Life with a second grader and a kindergartener was always busy, especially when you were working full time. Elizabeth felt like she never got a chance to breathe. Something always needed to be addressed. Some fire needed to be put out. She looked around at the kitchen, with her counter covered in papers and dishes piled up in and around the sink. She closed her eyes tightly and tried to take deep calming breaths before she totally snapped. She balled her fists and pressed them tightly to her eyes, hoping that when she opened them, the house would miraculously be as organized as her calendar. Some days, she could pull it together and she felt like Helen Reddy, Martha Stewart and Supernanny all rolled into one. Other days, she felt like a hybrid of Mommy Dearest and Cruella de Ville. Today was a Mommy Dearest/Cruella kind of day. The thought of facing the week alone was too much for her to handle on a Monday morning.

kathryn r bielAbout the author: Kathryn Biel hails from Upstate New York and is a spouse and mother of two wonderful and energetic kids. In between being Chief Home Officer and Director of Child Development of the Biel household, she works as a school-based physical therapist. She attended Boston University and received her Doctorate in Physical Therapy from The Sage Colleges. After years of writing countless letters of medical necessity for wheelchairs, finding increasingly creative ways to encourage the government and insurance companies to fund her clients’ needs and writing entertaining annual Christmas letters, she decided to take a shot at writing the kind of novel that she likes to read. Her debut novel, GOOD INTENTIONS, was released in 2013, and her second novel, HOLD HER DOWN was released in 2014. Her musings and rants can also be found on her personal blog, Biel Blather.

Find Ms. Biel here: web, Facebook, Twitter, Goodreads

 

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Release Day Blitz: Michael by Annabell Cadiz (spotlight, giveaway)

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Michael coverMichael (Sons of Old Trilogy #2)
written by Annabell Cadiz
published by Annabell Cadiz
cover by Hot Damn Designs

find it here: (affiliate links) Barnes & NobleAmazon, Goodreads

About the book : Zahara Faraday looks like a normal eighteen-year-old and lives in a quiet neighborhood with her overprotective parents. She works at a bookstore and hangs out with her best friend Becca King on a daily basis. But underneath the normal lies a secret life filled with dangerous supernaturals. Zahara belongs to a world made of Light Witches, rogue Imagoes (supernatural creatures with super strength, speed, and silver skin when the moon is out), fallen angels, and Nephilim (hybrid children born half-human, half-angel). Where her father Solomon Faraday is human, her mother Mia and her Aunt Catalina are Light Witches. They help protect the human world by hunting down rogue supernaturals who commit heinous acts against humans. What they never expected was the possibility of having to hunt down the one rogue coven they had befriended and come to trust in their battle against Lucifer. Rekesh Saint-Louis is the leader of the most powerful Imago coven in Florida and now he’s the most suspected. Supernatural bodies are starting to pile up with an ancient ritual long forbade being used to murder them and the symbol, one large cross with four smaller crosses around it—which represents Rekesh’s coven— being left behind. Rekesh and the Elders of his coven set out to find who is behind the murders and clearing his name before a war between the covens begins. To make matters more difficult, Rekesh also has to deal with the return of someone he has been keeping a secret.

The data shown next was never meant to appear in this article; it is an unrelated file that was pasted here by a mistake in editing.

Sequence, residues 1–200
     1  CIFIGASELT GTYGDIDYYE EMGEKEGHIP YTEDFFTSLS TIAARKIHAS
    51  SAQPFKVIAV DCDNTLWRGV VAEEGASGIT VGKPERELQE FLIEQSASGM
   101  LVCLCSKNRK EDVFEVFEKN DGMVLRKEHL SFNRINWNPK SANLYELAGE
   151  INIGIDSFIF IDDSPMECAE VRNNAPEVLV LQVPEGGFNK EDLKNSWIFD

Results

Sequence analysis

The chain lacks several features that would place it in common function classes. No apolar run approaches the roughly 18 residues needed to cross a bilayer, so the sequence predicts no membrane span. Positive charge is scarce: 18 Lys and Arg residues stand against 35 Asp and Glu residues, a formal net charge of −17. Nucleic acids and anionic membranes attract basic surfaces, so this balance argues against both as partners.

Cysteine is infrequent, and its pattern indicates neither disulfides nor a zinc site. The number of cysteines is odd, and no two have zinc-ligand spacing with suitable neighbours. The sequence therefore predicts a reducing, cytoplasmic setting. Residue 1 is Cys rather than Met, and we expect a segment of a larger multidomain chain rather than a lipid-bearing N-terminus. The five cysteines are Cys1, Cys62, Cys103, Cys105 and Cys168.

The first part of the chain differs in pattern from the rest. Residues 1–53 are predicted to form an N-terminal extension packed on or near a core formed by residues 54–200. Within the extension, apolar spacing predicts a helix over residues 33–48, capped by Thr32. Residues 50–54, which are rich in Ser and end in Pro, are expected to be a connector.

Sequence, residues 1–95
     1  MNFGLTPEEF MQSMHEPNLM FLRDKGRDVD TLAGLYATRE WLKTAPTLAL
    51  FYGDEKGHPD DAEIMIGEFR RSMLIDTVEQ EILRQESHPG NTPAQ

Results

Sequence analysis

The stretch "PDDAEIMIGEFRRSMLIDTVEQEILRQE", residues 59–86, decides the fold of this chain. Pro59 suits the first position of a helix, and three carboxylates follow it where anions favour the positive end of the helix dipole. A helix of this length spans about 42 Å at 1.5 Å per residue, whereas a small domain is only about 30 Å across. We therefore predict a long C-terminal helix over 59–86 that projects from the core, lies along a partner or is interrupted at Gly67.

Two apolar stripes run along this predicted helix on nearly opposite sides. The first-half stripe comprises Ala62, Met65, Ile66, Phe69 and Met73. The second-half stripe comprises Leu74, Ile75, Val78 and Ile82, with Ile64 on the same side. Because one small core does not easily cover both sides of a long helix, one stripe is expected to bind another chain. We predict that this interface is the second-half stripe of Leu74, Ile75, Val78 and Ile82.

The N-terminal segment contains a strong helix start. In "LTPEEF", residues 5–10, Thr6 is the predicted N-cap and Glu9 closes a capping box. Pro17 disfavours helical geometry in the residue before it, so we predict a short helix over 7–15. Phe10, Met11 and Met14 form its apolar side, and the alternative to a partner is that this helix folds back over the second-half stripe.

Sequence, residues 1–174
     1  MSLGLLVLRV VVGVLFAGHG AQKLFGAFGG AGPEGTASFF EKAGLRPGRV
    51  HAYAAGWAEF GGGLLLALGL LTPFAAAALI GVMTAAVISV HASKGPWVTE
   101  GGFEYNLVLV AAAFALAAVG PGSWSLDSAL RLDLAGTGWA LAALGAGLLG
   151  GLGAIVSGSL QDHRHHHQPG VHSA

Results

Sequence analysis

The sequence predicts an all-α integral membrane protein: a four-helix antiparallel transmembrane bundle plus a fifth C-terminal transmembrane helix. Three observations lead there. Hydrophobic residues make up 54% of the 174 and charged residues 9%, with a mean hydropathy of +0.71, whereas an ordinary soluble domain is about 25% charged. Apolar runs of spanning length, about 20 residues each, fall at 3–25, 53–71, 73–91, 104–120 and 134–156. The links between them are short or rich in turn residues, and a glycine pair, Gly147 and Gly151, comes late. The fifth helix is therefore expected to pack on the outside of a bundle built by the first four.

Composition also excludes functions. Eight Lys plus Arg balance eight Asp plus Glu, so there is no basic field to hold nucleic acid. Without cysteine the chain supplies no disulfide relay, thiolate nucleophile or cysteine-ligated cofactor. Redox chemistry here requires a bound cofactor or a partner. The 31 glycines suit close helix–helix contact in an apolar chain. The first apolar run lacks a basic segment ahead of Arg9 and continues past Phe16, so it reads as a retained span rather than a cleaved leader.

Meanwhile, Zahara and Becca are spending more time brushing up on their training, knowing an attack from Lucifer can come at any moment. Between patrolling neighborhoods and hanging at the boarding school created by Charles Stephens—a fallen angel who created the school to protect the children of rogue supernaturals—they are thrown into one battle after another. Zahara begins to develop a closer bond with Jason as they train and chase down clues to clear Rekesh’s name. What she doesn’t know is the very powerful secret Jason is keeping; a secret that will change the course of the fight with Lucifer.

But Rekesh’s coven being set up isn’t the only danger. A new powerful and lethal drug has emerged from the shadows of the supernatural world called Inferi. The drug has two deadly side effects: it leaves the supernatural hungering for blood—both human and supernatural—and grants them the elemental power they had once possessed.

Lucifer is on the move and he will stop at nothing to get his hands on Zahara and complete the first act of his plan. 

A battle is about to begin. 

One that may cost the Faraday family everything they hold dear.

Lucifer 99 Cent Sale

Make sure to get your copy of Lucifer (Sons of Old Trilogy, #1) which is on sale for ONLY 99 CENTS until JUNE 1st!

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annabell cadizAbout the author: Born and raised in the sweltering suburbs of South Florida, Annabell Cadiz grew up fine-tuned to the cuisine of various Spanish cultures, learned to master the art of Puerto Rican cooking thanks to her parents, and learned to converse crazy thanks to her band of siblings. She is now working toward attaining a B.A. in Psychology at Trinity International University to better understand how to converse with the weirdoes and crazies of the world. (After all, she is one of them.) A self-proclaimed nerd and a book-a-holic (her room holds dozens of shelves with much evidence to prove that her claims are indeed true), she created TeamNerd Reviews along with her best friend, Bridget Strahin, to showcase their EXTREME love for all things book related.

She published her debut novel, Lucifer (Sons of Old Trilogy #1), in January 2013. The second novel, Michael (Sons of Old Trilogy #2) will be released on May 28, 2014. And the final installment in the Sons of Old Trilogy, Nephilim, will be out in Spring 2015.

Find Ms. Cadiz here: web, Facebook, Twitter, Goodreads

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Michael Book Mark

**Must be 13 or older to enter**

**Giveaway begins WEDNESDAY, MAY 28 and ends WEDNESDAY, JUNE 4, 2014**

**Winner will receive an ecopy of LUCIFER (SONS OF OLD TRILOGY, #1) and an ecopy of MICHAEL (SONS OF OLD TRILOGY, #2) along with a SIGNED bookmark and bow & arrow keychain**